The team of directors spearheading a university press-branded consortium to sell collections of ebooks to academic libraries—Steve Maikowski, New York University Press; Eric Halpern, University of Pennsylvania Press; Alex Holzman, Temple University Press; and Marlie Wasserman, Rutgers University Press—is pleased to announce a grant from the Andrew W. Mellon Foundation for $47,000, to be used to advance the venture toward its fall 2011 launch. Fifty-five university presses have expressed a strong interest in participating in this project. Managers at many of these presses understand that the separate efforts of individual presses are an inefficient solution to the challenge of disseminating university press ebooks to academic libraries. By working together to achieve efficiencies of scale, presses that join the consortium will put the needs of the scholarly community as a whole at the top of the agenda.
At a time when print book sellers like Barnes & Noble are in retreat, digital books on the iPad and Kindle hold a lot of hope for keeping books alive in the digital age. But so far most of the titles are just digital versions of printed books, with maybe a video or two thrown in. Slowly, however, as new capabilities are added to these digital books and they are linked to the living Web, some books will become more than just books.
One company experimenting with the form is Vook. Started by Brad Inman, who previously founded TurnHere and HomeGain, Vooks are electronic books sold in versions for the iPad, iPhone/iPod Touch, and the browser. They generally incorporate video, sometimes produced by one of the TurnHere network’s 10,000 freelance videographers, but up until now they didn’t go much beyond that in terms of presenting a new experience.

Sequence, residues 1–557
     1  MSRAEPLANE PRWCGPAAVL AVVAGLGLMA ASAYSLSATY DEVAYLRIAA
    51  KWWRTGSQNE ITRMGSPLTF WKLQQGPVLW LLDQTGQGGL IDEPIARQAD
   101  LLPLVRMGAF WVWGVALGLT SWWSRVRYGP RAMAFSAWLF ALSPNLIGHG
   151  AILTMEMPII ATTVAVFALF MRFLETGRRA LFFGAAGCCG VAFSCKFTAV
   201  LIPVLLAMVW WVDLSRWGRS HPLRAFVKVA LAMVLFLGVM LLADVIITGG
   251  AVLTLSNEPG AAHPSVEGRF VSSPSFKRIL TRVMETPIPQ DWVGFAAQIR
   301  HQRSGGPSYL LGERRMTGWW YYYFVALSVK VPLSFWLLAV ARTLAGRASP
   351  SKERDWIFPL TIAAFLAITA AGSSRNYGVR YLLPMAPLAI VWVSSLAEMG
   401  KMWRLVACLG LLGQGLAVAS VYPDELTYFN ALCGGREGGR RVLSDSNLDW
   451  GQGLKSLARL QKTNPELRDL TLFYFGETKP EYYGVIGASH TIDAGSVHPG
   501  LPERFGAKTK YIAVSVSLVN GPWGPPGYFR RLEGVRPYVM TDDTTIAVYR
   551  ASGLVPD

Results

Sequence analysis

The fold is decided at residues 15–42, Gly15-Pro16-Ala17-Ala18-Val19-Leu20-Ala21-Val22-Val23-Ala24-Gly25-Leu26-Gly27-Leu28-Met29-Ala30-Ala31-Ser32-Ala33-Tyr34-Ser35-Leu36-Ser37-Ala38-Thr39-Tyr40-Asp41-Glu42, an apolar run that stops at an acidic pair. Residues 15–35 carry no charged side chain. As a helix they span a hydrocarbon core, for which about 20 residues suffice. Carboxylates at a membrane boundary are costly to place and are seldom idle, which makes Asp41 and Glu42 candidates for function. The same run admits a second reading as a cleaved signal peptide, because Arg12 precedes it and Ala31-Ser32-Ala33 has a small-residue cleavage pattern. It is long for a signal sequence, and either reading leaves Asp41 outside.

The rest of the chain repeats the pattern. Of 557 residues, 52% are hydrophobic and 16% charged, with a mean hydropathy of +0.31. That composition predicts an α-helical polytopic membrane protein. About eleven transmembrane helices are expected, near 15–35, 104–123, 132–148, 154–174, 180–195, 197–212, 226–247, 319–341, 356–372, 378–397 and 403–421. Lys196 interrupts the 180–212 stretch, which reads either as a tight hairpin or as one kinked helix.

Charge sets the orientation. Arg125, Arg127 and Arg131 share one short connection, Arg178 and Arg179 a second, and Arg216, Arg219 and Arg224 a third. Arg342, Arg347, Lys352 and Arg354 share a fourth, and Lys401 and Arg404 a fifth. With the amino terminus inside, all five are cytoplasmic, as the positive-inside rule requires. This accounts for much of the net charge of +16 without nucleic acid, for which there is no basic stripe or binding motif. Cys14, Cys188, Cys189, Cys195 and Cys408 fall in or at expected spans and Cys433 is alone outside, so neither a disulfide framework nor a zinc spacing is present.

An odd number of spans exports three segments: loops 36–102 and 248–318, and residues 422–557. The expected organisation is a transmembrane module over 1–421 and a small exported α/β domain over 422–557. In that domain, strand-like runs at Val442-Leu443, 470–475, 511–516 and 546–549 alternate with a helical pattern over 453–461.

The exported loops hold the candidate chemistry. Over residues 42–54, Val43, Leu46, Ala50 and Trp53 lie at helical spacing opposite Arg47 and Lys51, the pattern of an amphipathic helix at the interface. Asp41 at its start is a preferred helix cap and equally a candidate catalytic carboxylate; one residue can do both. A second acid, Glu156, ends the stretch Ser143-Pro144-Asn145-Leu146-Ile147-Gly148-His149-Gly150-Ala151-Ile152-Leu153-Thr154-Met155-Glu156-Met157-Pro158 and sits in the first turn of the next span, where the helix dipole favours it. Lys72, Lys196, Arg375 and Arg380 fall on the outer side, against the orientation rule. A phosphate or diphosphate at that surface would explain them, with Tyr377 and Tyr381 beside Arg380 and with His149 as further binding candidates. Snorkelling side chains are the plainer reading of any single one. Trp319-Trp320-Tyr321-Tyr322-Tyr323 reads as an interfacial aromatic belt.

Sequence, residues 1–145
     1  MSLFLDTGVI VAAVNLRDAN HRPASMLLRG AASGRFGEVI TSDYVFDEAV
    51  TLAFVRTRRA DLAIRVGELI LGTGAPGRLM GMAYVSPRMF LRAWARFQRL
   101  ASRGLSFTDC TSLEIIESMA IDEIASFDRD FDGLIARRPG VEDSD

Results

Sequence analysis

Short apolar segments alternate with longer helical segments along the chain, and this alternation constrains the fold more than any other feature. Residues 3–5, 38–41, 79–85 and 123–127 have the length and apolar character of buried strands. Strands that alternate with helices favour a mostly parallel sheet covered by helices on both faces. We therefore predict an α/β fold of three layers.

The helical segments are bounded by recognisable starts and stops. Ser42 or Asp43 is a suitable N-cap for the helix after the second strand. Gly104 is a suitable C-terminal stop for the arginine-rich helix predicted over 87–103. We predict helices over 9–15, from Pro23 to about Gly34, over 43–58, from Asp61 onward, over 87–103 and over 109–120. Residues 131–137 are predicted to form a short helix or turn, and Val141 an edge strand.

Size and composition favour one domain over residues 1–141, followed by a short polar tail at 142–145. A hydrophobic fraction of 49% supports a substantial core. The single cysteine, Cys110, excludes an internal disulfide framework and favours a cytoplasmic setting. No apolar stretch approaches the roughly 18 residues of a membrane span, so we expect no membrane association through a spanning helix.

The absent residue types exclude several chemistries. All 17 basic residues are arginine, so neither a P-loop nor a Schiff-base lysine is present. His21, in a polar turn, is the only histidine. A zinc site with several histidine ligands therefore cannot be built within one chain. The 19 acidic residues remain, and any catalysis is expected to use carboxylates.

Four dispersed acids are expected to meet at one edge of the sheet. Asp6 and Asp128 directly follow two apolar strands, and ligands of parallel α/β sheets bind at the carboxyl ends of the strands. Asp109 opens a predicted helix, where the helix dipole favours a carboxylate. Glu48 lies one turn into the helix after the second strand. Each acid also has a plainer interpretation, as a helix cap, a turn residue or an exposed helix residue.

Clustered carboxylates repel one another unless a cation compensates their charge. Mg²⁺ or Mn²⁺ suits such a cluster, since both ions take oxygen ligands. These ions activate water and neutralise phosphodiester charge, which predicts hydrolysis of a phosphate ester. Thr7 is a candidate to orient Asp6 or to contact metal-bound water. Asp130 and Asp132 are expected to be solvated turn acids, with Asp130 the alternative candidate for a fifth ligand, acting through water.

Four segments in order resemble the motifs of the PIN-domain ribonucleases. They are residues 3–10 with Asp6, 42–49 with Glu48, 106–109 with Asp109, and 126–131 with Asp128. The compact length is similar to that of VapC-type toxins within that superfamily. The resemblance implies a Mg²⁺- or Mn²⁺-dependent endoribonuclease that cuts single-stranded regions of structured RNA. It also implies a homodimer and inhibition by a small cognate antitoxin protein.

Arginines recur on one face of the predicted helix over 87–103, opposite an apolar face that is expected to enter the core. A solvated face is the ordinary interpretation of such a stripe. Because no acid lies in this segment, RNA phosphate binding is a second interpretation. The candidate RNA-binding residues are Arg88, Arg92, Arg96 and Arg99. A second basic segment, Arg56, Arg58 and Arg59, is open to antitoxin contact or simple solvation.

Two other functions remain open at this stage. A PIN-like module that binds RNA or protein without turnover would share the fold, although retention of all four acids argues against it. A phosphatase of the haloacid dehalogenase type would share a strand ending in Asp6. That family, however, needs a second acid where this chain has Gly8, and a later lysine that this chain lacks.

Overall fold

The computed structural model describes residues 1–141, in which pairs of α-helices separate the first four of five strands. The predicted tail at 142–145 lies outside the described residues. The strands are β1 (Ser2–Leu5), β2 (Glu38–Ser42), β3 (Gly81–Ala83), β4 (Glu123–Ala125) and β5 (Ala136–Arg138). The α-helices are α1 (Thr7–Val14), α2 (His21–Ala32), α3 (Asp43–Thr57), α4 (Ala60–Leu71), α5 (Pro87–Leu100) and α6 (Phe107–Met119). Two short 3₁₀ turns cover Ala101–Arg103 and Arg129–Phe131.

In its next to last quarter as the owner of Newsweek, the Washington Post Company (NYSE: WPO) wouldn’t be releasing details about the magazine’s performance in Q2, though its did likely improve slightly based on the most recent Publishers Information Bureau figures, which showed ad pages up 2.9 percent. There was a hint of how bad things were for the mag, as for the first six months of 2010, WaPo reported $9 million in discontinued operations, which was what Newsweek was counted as (in Q2, the discontinued losses were $2.3 million). Elsewhere, WaPo did have a lot more details about the mixed picture at its newspaper division and its healthy online ad growth.
At least at first sight, there are three reasons why the development of e-book markets is much slower in continental Europe than in the USA. Firstly, there is no European Amazon. The reason for this is quite obvious: thanks to linguistic diversity, there are no online retailers that could sell and distribute all the books published in all the European languages in the same way that Amazon distributes and sells almost all books published in English. Furthermore, many European online retailers are owned or controlled by bricks and mortar booksellers that are not interested in putting a question mark after the classical bookselling business model. As a result, not a single online retailer in continental Europe has either the interest or enough financial resources to jump into the e-book business in the same way that Amazon and B&N have done in the USA.